If you’ve heard anything about Darwin Information Typing Architecture (DITA), it’s probably been pure superlatives. Perhaps you’ve been told that DITA is easy to use (as it’s based on XML) and great for single sourcing and content reuse. Or that it enables better collaboration and increases productivity. Or that it saves lives. And it’s all true! We write about it in one of our articles: https://3di-info.com/is-it-time-to-move-to-topic-based-content-production/. The thing is, if you have decided (or you’ve been advised) that you really should be implementing DITA then you are very likely going to need a set of tools to manage those DITA files.
Tools designed to exploit the benefits of the DITA framework are typically referred to as CCMS — Component Content Management Systems. If you thought getting your head around how to make the most of DITA was a challenge, unravelling the variety of CCMS available is a whole other world.
CMS? CCMS? CCCCMS?
First, let us get the acronyms straight:
- A ‘CMS’ is a Content Management Systems such as WordPress.
- A ‘CCMS’ is a Component Content Management Systems — the extra ‘C’ is useful here.
- A ‘CCCCMS’ is a Courageous Chicken Component Content Management Systems — too many ‘Cs’. Not useful. Distrust any tool with that many ‘Cs’.
Contrary to what its beautiful acronym suggests, a good CCMS is much more than a CMS on steroids. It’s almost a different breed. The fundamental difference is that a CMS thinks in ‘pages’, whereas a CCMS thinks in ‘topics’ (components) — it’s for topic-based authoring (based on XML standards such as DITA).
So, what does a CCMS do? It enables you to efficiently manage thousands of DITA files (or other XML files, such as S1000D or DocBook) and make sense of them by:
- Managing files
- Tracking versions of files
- Tracking relationships between files (direct and indirect linking between them)
- Checking the impact of changes made to files used in multiple places in your content
- Creating final web and print outputs (if the CCMS comes with a publishing engine)
- Managing published releases
- And, typically, much more than that
Sounds powerful, but what does it mean for technical authors and your company?
Benefits of using a CCMS
A good CCMS lets you get the most out of DITA. It gives you tools to turn those noble DITA ideals (modularity, content reuse, extensive metadata, clear hierarchy, etc…) into reality.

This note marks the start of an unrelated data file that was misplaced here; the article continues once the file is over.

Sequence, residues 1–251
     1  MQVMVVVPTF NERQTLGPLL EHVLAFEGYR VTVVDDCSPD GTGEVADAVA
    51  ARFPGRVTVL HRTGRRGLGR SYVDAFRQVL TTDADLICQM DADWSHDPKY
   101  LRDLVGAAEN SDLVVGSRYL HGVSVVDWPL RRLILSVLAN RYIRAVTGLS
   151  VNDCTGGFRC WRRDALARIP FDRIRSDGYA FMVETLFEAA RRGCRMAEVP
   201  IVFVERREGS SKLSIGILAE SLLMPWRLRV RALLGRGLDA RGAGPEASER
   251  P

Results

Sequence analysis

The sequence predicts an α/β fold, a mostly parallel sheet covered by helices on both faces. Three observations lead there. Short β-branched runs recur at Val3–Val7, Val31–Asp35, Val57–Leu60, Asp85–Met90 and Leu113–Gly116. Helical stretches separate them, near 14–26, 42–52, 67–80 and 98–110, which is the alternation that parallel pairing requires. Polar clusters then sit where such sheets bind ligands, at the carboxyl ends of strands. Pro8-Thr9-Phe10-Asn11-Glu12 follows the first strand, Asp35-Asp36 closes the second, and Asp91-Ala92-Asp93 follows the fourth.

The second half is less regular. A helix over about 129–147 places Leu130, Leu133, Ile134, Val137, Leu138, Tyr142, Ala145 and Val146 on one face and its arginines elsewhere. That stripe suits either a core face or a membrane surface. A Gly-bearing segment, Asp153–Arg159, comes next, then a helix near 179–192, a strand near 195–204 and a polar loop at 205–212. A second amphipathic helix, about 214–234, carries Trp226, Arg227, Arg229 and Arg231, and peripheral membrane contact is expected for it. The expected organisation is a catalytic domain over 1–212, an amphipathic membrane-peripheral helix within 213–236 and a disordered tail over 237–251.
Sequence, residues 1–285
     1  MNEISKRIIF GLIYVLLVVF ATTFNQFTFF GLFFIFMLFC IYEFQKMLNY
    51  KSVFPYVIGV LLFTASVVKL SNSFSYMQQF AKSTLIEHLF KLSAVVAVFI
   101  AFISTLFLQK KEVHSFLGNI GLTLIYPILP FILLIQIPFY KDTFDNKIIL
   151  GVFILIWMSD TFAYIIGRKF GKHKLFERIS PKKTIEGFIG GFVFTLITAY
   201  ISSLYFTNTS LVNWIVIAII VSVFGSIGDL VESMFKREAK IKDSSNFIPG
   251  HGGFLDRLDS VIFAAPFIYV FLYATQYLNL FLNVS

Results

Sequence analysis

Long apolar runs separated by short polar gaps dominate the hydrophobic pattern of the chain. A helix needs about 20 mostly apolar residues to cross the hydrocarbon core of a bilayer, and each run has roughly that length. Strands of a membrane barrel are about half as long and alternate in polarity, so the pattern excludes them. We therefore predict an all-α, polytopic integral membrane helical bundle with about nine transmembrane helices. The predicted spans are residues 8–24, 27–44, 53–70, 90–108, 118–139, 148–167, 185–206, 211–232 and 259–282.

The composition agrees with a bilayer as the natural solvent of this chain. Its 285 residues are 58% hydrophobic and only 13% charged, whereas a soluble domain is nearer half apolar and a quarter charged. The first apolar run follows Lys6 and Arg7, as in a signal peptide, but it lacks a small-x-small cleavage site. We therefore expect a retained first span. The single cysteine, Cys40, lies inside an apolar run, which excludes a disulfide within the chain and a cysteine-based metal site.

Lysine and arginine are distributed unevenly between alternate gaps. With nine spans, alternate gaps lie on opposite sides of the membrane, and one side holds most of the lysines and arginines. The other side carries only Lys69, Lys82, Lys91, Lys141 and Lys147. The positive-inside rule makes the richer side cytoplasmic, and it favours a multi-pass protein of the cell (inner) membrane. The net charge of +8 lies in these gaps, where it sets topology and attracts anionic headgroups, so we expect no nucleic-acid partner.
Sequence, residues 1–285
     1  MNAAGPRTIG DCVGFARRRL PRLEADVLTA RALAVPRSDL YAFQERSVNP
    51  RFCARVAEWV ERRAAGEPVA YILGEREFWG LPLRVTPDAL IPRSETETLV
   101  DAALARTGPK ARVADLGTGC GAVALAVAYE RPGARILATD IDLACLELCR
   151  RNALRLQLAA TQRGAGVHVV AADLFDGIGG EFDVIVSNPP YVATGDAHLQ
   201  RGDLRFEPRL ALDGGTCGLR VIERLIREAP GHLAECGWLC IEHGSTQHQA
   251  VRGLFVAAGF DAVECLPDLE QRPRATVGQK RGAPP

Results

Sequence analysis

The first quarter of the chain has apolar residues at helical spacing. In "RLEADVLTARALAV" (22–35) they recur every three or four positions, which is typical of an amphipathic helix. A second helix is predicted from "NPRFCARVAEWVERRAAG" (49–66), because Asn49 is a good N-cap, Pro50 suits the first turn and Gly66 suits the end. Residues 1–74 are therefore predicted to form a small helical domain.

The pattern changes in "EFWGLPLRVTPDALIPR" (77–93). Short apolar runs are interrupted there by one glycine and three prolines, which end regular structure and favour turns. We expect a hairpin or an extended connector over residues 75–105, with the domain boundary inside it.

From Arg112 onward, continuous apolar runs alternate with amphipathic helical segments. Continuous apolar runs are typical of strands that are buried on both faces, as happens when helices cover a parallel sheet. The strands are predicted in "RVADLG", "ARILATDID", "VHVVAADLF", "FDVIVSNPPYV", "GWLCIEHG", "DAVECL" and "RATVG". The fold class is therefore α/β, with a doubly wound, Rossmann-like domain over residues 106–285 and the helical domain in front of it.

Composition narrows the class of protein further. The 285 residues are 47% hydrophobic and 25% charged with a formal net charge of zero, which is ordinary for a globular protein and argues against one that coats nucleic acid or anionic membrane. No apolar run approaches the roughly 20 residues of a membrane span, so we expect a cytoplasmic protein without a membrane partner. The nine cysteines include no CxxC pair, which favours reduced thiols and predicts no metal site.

DITA is useful for enforcing consistency and accuracy. When a CCMS kicks in, maintaining that consistency becomes easier. Why? Because you can see through any relationships between content elements (topics, variables, graphics) in seconds.
For example, let’s say you’ve got an image that needs to come with a few similar (but not identical) paragraphs, in a few different topics linked from a few unrelated DITA maps. Without a CCMS, to make sure there are no unintended discrepancies you’d need to manually identify the topics referencing the image, probably by opening each and every one of them in an XML editor. But with a CCMS, all you need to do is check the image file’s incoming links, and you are instantly aware of any relationships the file is bound up in. This way, it’s much easier to keep things in sight and under control.
Another one of great CCMS benefits is traceability and version control. In large, dynamic content environments, tracing detailed changes back to the original source document can be both necessary and very difficult. With a good CCMS, it’s a breeze.
This relates to performing and storing regular data backups – a necessity in any serious content management environment. With a well-configured CCMS, backups happen safely and automatically in the background, while technical writers can focus on doing their job.
Potential CCMS drawbacks
Everything has its downsides and using a CCMS is no exception.